And a most enjoyable Sunday afternoon it was. F or a few hours yesterday afternoon, I almost felt like Jackson Pollock as I mixed, applied, and dripped oil and acrylic colors everywhere. It was glorious. Most of the large areas of color on 18 Jackdaw and two Minden figures -- plus a couple of Minden horses -- are done now and it's simply a matter of applying lace trim and some other smaller details where necessary and appropriate. Oh, and the vague hint of oils and thinner still lingered in the air early this morning when I brought a mug of coffee down to Zum Stollenkeller . The two aromas mingled for a little while before I began the week in earnest. Somehow, it made Monday morning a little less painful. Know what I mean? On other related fronts, a Swedish client (and friend), for whom I did a bunch of editing and proofreading recently, had trouble transferring money from her bank account in Budapest to my Paypal account this weekend. She sent me several anguished e
T wo photographs of the 'just finished and glossed' artist vignette. The small clumps of foliage and easel were also glued down only minutes ago. Herr Biedermeyer von Spiesburg (in the brown coat) is busy micromanaging our artiste-at-work while the former's valet fetches something from the painter's kit on the bench. The figures are from Blue Moon, including a converted duelist, who has apparently become a painter in his spare time. The chair, bench, and crate are from Foundry, and the bucket is a spare from Minden Miniatures. Foliage and grass scatter are Woodland Scenics while the sand beneath, which was first stained brown, comes from my deceased maternal grandparents' place in Berks County Pennsylvania, where I grew up. I collected a small pile of dry sand from the creek bed in front of their fieldstone colonial house during July of '84, and I've carted it along with me ever since in an old loose tea tin. Oh, and the easel is an original Sto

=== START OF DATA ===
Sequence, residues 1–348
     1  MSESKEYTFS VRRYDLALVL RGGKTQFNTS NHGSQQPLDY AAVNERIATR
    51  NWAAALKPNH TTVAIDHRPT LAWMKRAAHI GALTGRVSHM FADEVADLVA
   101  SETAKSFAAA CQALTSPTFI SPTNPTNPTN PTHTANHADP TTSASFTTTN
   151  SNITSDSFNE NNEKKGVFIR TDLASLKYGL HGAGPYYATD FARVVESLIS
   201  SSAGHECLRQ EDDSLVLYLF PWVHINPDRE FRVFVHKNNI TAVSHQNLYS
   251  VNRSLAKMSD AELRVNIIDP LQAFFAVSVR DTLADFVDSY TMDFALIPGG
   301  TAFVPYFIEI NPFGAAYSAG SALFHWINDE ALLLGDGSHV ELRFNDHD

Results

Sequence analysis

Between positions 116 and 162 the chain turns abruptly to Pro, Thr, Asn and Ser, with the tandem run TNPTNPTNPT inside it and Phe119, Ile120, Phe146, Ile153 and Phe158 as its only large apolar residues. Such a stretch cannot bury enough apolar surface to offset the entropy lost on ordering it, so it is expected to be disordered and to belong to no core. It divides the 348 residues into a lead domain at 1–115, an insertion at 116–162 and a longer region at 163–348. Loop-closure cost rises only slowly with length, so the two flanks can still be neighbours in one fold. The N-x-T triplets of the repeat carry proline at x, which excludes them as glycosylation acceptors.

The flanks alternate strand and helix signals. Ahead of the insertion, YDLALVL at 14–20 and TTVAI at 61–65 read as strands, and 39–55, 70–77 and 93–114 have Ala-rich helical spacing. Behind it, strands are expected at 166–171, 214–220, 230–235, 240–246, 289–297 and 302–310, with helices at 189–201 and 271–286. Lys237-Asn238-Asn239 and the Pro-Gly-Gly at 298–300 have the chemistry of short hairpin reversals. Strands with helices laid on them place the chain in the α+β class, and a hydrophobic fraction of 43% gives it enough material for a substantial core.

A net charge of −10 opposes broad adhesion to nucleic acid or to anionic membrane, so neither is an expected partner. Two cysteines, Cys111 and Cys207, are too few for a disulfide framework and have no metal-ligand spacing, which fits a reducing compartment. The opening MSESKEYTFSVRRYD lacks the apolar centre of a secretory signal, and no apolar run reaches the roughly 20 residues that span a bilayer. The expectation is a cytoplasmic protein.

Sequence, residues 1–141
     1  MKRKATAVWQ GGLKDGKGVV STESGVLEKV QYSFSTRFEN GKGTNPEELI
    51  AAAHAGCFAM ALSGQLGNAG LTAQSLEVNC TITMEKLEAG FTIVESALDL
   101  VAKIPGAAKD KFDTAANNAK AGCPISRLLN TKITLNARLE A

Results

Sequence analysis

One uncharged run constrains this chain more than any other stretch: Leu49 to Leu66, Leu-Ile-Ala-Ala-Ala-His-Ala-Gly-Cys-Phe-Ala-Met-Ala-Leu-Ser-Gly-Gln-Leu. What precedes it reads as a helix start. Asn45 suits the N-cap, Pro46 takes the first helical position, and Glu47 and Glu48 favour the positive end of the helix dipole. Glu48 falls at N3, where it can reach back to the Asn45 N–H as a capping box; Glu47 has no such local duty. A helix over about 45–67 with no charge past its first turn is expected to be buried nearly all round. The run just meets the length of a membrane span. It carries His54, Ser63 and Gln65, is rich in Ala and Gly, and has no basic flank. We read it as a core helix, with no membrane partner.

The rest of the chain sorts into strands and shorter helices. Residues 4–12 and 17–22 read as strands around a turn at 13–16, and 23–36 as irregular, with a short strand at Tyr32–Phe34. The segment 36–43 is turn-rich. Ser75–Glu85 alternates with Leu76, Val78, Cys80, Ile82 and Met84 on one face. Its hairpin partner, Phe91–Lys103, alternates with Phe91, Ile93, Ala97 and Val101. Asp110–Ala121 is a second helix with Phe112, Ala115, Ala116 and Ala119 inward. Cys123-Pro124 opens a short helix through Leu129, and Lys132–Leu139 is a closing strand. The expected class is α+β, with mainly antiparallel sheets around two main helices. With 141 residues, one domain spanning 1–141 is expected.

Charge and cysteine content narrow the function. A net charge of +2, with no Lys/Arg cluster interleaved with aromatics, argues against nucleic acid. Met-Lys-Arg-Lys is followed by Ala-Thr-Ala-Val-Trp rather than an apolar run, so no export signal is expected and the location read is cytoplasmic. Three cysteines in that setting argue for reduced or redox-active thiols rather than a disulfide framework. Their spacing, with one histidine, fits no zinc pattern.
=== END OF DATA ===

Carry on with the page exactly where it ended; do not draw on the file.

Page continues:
Professor Detrius (in green and pink), the Grand Duke Irwin-Amadeus II, and his dogs Max and Moritz out for a country stroll and some philosophical debate. A couple of staff groups, Minden figures in the foreground (along with one Fife & Drum officer) and two Fife&Drum figures in the rear. Sadly, the large base with the five figures has warped somewhat due to the coats of clear matt varnish that holds down the scatter material. Lesson learned? Keep scenic vignette bases fairly compact. And finally, here they are, the Grand Duke's court combo, led by the Maestro Bacharach on the clavichord in the foreground. Li sten carefully, and you'll hear them playing a newly written tune by the Ma estro called Walk on By . Replies to Comments , Questions, and Further Meaningless Holding Forth Thank you for the nice comments, men! -- I fixed the warped base in the middle photograph by slapping some paint on the underside, which seemed to correct the